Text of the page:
Companies, Agencies Use Clandestine RFID Systems to Catch Thieves

By Claire Swedberg

The NOX system includes RFID readers embedded in walls, surveillance cameras and—in some cases—luminescent dust to track the movement of personnel and assets.


A handful of government agencies and private companies such as electronics suppliers are employing a clandestine RFID system known as NOX that allows them to use RFID interrogators hidden in walls, in conjunction with video surveillance and, in some cases, luminescent dust, to thwart theft or other unauthorized activities within their facilities.

The NOX system is the creation of SimplyRFID, a company based in Warrenton, Va. Founded in 2002 by its president, Carl Brown, SimplyRFID has developed RFID solutions for a number of clients, including, UPS, FedEx, the U.S. Postal Service and Target, and its Pro-Tags product line is aimed at suppliers to the U.S. Department of Defense (DOD). During the past few years, Brown says, the company has moved into the clandestine market, following government interest in the use of RFID to prevent theft, or to monitor the movements of personnel wearing RFID-tagged badges.

Carl Brown

Because of its location near Washington, D.C., SimplyRFID attracted the attention of several government agencies, including the FBI, which visited the company’s office to purchase RFID readers and tags, but brought the hardware back to their location and installed the equipment themselves. “What we found was that they were happy to have any technology that would help them [with security],” Brown says. So the company began developing a more comprehensive security solution that included RFID with video surveillance and, in some cases, “optically charged” dust that could be tracked with cameras.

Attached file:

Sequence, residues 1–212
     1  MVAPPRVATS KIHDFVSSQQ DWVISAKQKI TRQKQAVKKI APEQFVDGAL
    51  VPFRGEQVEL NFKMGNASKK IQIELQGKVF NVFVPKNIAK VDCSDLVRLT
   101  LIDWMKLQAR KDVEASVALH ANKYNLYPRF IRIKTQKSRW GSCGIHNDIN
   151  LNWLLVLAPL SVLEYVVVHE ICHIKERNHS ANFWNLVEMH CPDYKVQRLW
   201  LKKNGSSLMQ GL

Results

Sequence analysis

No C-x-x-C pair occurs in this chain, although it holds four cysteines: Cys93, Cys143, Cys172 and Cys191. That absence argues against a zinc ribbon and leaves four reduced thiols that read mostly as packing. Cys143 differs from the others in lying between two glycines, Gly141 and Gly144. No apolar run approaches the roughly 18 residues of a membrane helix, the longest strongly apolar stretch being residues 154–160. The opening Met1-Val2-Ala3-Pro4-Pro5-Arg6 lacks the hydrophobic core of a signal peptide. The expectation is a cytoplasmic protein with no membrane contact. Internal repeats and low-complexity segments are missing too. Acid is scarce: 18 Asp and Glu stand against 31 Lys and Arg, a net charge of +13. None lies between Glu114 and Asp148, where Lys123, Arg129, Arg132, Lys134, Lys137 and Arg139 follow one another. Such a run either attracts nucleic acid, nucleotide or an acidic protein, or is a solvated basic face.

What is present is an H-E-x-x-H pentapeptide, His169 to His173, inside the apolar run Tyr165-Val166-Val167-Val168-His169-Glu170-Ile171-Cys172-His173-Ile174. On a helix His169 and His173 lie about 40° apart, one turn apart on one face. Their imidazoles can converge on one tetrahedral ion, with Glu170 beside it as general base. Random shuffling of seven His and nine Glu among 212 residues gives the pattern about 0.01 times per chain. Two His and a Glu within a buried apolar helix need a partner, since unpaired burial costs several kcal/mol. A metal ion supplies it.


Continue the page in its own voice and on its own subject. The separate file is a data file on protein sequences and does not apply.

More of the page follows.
The NOX system uses RFID readers that can be embedded in walls, as well as surveillance cameras that can be hidden if so desired by a user. The system integrates the two functions to enable users to track theft or other undesirable behavior on their property. By linking RFID tracking with video footage, Brown says, users can not only know which items might be missing by tracking the locations of their assets, they can also link to video footage to determine what has occurred.

“The big problem in selling RFID is that it is not always a solution by itself,” Brown states. Instead, he adds, RFID offers part of a security solution by helping users track activity without requiring them to watch it around the clock. But in conjunction with video surveillance, he says, users have information about activities that have occurred—such as which items were moved, as well as where and at what time—reinforced by a visual image of what transpired.

Brown likens RFID technology to a fence, which still has vulnerabilities. People can find ways around that fence, he explains, by not wearing their badge, by wearing someone else’s badge or by tampering with an RFID sticker. Such vulnerabilities make video surveillance and optical dust a strong addition to RFID. The optically charged dust consists of microporous fibers that glow when exposed to low-power laser light. This luminescence is not visible to the human eye but can be detected by a video camera. The dust is scattered in areas where there is a risk of unauthorized activity, or where entry is generally forbidden.